We compared injury incidence and mechanisms among youth, high school (HS), and National Collegiate Athletic Association (NCAA) boys’ and men’s lacrosse athletes for the 2014–2015 to 2016–2017 lacrosse seasons.METHODS:
Multiple injury surveillance systems were used to capture 21 youth boys’, 22 HS boys’, and 20 NCAA men’s lacrosse team-seasons of data during the 2014–2015 to 2016–2017 seasons. Athletic trainers reported game and practice injuries and athlete exposures (AEs). Injuries included those occurring during a game and/or practice and requiring evaluation from an athletic trainer and/or physician. Injury counts, rates per 1000 AEs, and injury rate ratios (IRRs) with 95% confidence intervals (CIs) were calculated.RESULTS:
The injury rate in youth was higher than those reported in HS (10.3 vs 5.3 per 1000 AEs; IRR = 2.0; 95% CI: 1.6–2.4) and the NCAA (10.3 vs 4.7 per 1000 AEs; IRR = 2.2; 95% CI: 1.9–2.5). When considering time loss injuries only (restricted participation of ≥24 hours), the injury rate in youth was lower than those reported in HS (2.0 vs 2.9 per 1000 AEs; IRR = 0.7; 95% CI: 0.5–0.95) and the NCAA (2.0 vs 3.3 per 1000 AEs; IRR = 0.6; 95% CI: 0.4–0.8). The concussion rate in youth was higher than those in HS (0.7 vs 0.3 per 1000 AEs; IRR = 2.4, 95% CI: 1.1–5.2) and the NCAA (0.7 vs 0.3 per 1000 AEs; IRR = 2.1, 95% CI: 1.2–3.7). Injuries at the youth, HS, and NCAA levels were most commonly associated with stick contact, inflammatory conditions (including bursitis, tendonitis, and other unspecified inflammation), and noncontact mechanisms, respectively.CONCLUSIONS:
Although the time loss injury rate was lowest in youth boys’ lacrosse, the concussion rate was the highest. Injury prevention approaches should be specific to the mechanisms associated with each level of play (eg, equipment skill development in youth).
After the Affordable Care Act (ACA) took full effect in 2014, 900 000 children obtained health insurance. Researchers have found variable effects of insurance on adult emergency department (ED) use, but the effect in pediatric patients is unknown. We examined ED visit rates before and after 2014 among children.METHODS:
We used estimates of ED visit counts from the Nationwide Emergency Department Sample and population estimates from the American Community Survey in a cross-sectional, retrospective study of ED visit rates among children. We compared the trend in ED visit rates before (2009–2013) and after (2014–2016) the ACA took full effect, controlling for age, sex, and census region.RESULTS:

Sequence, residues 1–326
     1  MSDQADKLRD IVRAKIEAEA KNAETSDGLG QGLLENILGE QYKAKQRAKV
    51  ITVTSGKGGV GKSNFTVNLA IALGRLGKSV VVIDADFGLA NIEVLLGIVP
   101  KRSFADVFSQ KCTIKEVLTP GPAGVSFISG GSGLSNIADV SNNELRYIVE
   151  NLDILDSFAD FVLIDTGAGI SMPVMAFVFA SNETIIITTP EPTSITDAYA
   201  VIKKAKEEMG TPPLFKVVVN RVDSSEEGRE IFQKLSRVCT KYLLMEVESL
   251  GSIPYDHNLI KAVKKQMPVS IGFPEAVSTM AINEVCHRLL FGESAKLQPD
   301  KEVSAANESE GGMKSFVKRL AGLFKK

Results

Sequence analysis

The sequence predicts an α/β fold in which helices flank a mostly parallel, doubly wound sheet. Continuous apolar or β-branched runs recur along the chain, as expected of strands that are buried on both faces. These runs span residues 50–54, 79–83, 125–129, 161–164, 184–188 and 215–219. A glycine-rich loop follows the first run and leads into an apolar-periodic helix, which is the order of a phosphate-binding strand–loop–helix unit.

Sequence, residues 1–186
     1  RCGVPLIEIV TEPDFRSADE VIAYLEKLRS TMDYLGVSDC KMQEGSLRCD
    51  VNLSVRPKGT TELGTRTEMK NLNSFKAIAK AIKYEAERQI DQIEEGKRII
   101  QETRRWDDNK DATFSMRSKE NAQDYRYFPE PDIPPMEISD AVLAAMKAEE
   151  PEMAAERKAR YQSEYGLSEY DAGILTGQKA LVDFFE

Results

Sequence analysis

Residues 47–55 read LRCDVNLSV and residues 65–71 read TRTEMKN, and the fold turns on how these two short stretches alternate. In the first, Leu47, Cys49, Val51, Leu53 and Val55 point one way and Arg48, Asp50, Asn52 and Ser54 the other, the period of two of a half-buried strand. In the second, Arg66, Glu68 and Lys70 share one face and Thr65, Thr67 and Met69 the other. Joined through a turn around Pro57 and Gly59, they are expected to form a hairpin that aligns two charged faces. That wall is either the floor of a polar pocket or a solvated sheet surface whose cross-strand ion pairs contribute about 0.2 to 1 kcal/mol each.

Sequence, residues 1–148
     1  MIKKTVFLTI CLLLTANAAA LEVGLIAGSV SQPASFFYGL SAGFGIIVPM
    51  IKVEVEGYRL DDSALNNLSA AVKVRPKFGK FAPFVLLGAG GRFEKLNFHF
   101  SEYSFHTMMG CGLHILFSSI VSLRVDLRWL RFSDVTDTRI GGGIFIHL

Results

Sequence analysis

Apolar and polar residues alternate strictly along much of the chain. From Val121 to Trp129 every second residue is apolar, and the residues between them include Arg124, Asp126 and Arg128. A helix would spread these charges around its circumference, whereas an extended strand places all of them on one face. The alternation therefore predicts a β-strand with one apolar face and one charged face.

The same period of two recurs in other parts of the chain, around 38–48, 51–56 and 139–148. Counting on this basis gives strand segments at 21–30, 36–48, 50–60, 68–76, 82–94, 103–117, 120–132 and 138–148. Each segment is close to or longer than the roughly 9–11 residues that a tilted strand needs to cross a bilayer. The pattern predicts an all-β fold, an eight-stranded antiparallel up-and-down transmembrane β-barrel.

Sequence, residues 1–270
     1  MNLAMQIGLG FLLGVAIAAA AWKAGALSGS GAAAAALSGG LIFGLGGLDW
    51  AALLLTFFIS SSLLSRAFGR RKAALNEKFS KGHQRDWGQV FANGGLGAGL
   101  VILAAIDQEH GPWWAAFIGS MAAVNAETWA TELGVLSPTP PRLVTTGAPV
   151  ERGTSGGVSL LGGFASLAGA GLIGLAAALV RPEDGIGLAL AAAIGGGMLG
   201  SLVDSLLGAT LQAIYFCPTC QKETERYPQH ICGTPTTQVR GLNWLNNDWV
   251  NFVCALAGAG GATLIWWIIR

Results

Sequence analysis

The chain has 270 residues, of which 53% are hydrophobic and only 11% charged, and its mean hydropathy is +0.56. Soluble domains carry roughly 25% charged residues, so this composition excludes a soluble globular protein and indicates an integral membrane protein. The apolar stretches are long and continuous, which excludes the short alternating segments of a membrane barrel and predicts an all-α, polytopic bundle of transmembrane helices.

The mean ED use rate was 35.2 visits per 100 children from 2009 to 2013 and 36.6 from 2014 to 2016. ED visit rates increased by 1.1% per year pre-2014 and 9.8% from 2014 to 2016 (incidence rate ratio 1.09, 95% confidence interval 1.03–1.15, P = .005). Results did not vary significantly when insurance was included as a control variable.CONCLUSIONS:
There was no immediate change in pediatric ED visit rates the year after the ACA took full effect in 2014, but the rate of change from 2014 to 2016 was significantly higher than previous rate trends. In our model, increased pediatric insurance coverage neither drove nor counteracted the observed trends.
Naphthalene poisoning due to exposure to mothballs is a common cause of toxicity in children worldwide. Naphthalene toxicity is known to cause hemolytic anemia, methemoglobinemia, and hepatic and renal injury. Neonates are more susceptible to the effects of oxidative stress from naphthalene because of their low glutathione stores and immaturity of hepatic enzymes. However, there are no reported cases of chronic fetal exposure to naphthalene during pregnancy. We report a novel case of chronic fetal exposure to naphthalene-containing mothballs that occurred from the second trimester through the third trimester of pregnancy. Our patient presented with hyperbilirubinemia, requiring exchange transfusion, severe hemolytic anemia, pulmonary hypertension, respiratory failure, and renal failure and progressed to develop "bronze baby" syndrome. Pregnant mothers should be diligently screened for such exposures and if found should receive psychiatric evaluation and counseling to prevent such devastating effects in neonates.